Several media reports say a letter to Texas Attorney General Ken Paxton from BCSO details the crash “was not a typical accident.”

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Chao was chair and CEO of Foremost Group, a company founded by her parents in 1964 in New York. She worked her way up to leading the company in 2018, previously serving as vice president, concentrating on ship operations and ship management, and later promoted to senior vice president with additional responsibilities, according to Foremost Group’s website.

Chao earned her bachelor’s degree in economics from Harvard College, graduating magna cum laud in just three years. She attended Harvard Business School, where she wrote a case study on “Ocean Carriers” that became part of the required curriculum for first-year HBS students, according to industry news website MarineLink.

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In June 2016, Chao was appointed Chair of the U.S. Risk and Management Committee of Bank of China U.S.A.

Chao had a distinguished career with many honors, including board membership on the American Bureau of Shipping Council and the Massachusetts Maritime Academy’s International Maritime Business Department Advisory Board.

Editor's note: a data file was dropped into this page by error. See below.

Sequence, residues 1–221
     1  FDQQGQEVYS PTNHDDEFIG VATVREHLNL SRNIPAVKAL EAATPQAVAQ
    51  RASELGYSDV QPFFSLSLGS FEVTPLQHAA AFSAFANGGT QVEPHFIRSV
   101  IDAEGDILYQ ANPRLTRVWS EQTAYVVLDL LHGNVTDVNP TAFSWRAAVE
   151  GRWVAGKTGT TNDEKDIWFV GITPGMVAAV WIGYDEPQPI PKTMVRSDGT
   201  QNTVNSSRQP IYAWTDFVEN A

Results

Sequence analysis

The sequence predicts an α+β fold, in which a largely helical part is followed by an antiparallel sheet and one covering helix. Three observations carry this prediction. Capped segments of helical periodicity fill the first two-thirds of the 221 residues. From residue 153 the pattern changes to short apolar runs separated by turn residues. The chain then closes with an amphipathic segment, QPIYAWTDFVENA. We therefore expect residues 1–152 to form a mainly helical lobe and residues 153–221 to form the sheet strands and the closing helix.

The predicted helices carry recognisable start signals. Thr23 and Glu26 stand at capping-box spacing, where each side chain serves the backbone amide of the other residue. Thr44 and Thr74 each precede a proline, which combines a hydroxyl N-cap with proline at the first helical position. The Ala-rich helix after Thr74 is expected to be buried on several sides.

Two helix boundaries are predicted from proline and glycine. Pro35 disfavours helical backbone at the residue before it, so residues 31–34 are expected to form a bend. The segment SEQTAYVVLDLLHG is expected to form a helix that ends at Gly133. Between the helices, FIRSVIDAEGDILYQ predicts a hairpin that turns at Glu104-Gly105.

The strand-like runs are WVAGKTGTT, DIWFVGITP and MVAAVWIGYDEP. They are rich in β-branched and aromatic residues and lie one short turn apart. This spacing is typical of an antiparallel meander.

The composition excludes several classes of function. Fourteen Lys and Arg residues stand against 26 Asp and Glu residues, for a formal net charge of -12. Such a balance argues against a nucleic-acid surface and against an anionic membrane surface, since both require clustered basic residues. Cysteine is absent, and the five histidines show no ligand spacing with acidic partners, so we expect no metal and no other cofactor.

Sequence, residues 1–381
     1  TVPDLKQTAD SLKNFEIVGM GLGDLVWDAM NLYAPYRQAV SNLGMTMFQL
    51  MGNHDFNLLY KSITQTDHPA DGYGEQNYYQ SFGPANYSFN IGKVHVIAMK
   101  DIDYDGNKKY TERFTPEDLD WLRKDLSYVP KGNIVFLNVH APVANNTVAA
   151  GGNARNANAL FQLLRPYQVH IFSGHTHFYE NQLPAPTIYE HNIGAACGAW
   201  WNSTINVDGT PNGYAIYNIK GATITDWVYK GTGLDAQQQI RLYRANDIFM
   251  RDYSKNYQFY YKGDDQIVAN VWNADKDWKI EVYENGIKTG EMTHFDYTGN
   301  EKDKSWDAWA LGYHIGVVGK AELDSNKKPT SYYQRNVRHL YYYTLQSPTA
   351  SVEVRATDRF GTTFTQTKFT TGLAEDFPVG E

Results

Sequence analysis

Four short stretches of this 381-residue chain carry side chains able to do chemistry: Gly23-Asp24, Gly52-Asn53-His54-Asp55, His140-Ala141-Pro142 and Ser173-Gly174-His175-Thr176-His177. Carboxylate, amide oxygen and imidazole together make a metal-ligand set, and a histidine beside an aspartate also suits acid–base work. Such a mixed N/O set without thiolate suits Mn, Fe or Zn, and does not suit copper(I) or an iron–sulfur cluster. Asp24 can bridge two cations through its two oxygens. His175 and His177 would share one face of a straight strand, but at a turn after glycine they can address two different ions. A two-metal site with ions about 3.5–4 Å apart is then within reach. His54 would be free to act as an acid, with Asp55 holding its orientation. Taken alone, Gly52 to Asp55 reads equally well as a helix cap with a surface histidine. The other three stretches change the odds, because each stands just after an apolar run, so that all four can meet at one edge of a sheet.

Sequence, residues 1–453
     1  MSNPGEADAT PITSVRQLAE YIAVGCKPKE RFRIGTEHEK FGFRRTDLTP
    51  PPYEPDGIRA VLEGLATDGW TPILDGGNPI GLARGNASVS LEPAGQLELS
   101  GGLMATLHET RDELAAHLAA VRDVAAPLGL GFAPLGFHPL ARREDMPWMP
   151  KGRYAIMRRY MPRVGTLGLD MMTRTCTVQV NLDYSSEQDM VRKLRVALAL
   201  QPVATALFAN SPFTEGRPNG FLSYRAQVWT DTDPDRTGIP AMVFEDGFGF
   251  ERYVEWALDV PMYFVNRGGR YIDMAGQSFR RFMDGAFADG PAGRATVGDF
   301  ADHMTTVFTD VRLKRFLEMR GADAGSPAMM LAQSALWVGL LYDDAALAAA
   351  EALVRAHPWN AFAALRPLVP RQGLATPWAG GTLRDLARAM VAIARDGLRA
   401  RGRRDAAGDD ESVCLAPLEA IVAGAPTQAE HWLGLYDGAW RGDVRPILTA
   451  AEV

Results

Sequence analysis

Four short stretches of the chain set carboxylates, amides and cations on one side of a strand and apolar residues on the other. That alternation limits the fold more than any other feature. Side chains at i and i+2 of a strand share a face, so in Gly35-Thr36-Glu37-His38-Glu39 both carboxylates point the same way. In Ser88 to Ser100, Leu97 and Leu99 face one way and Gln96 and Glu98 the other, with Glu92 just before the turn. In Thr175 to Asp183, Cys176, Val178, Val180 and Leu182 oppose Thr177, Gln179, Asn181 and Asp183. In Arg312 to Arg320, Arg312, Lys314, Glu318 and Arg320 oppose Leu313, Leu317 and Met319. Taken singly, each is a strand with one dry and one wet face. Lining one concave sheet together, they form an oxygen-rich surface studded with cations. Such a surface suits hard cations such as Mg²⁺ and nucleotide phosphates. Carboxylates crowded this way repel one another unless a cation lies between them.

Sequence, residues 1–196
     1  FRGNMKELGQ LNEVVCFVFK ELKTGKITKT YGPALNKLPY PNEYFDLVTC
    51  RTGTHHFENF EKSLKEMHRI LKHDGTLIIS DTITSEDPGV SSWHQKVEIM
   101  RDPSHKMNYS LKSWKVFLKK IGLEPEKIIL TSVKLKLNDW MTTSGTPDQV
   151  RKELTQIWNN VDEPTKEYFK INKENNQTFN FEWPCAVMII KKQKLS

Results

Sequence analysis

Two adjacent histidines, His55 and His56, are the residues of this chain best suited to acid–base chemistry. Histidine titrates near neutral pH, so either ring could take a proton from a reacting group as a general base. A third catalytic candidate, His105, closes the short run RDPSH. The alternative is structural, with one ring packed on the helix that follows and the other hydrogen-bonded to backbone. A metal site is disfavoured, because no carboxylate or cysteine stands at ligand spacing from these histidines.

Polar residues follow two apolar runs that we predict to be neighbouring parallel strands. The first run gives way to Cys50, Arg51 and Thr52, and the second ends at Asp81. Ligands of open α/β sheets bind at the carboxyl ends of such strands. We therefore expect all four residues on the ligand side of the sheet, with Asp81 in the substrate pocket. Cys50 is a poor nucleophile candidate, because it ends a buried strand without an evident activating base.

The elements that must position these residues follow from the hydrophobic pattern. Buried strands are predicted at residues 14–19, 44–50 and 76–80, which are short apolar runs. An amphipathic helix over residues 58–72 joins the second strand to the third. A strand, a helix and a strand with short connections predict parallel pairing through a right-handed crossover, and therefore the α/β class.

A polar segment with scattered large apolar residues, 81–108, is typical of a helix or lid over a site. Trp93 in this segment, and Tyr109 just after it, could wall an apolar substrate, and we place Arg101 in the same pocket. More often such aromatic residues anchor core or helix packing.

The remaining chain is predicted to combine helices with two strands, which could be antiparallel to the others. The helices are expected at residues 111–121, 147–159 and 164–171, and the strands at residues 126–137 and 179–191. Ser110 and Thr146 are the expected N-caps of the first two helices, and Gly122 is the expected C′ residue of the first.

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“She will be greatly missed and leaves a legacy of pioneering leadership — especially for women — in shipping, philanthropy and the arts,” Foremost Group said in a statement.  

Fox Business reached out to BCSO for comment regarding the investigation.

Fox Business’ Chris Pandolfo contributed to this report. 

Opposing players immediately call for help after attempt at diving catch takes terrible turn

There was a scary moment in the Grapefruit League Saturday when a player had to be carted off the field after he tried to rob a home run.

In Fort Myers, the Boston Red Sox were hosting the Washington Nationals in spring training action, and Daylen Lile was making his first appearance of the spring.

Lile was playing right field for the Nationals when Tyler Miller crushed a fly ball toward the right-center field gap at JetBlue Park at Fenway South in Fort Myers.

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Miller’s blast cleared the wall, but not without a valiant effort by Lile to record an out. The 21-year-old leaped to try to rob Miller of a solo shot, but he flipped over the wall instead.

Lile looked like Torii Hunter during David Ortiz’s famous game-tying grand slam in Game 2 of the 2013 ALCS. The spring training park is a replica of Fenway, and the low outfield wall in right tends to do that to outfielders who try to rob homers.

However, the situation quickly became serious when Red Sox relievers in the bullpen almost immediately called on medical personnel.

Through a crack in the outfield wall that opens up, Lile could be seen rolling around in the bullpen.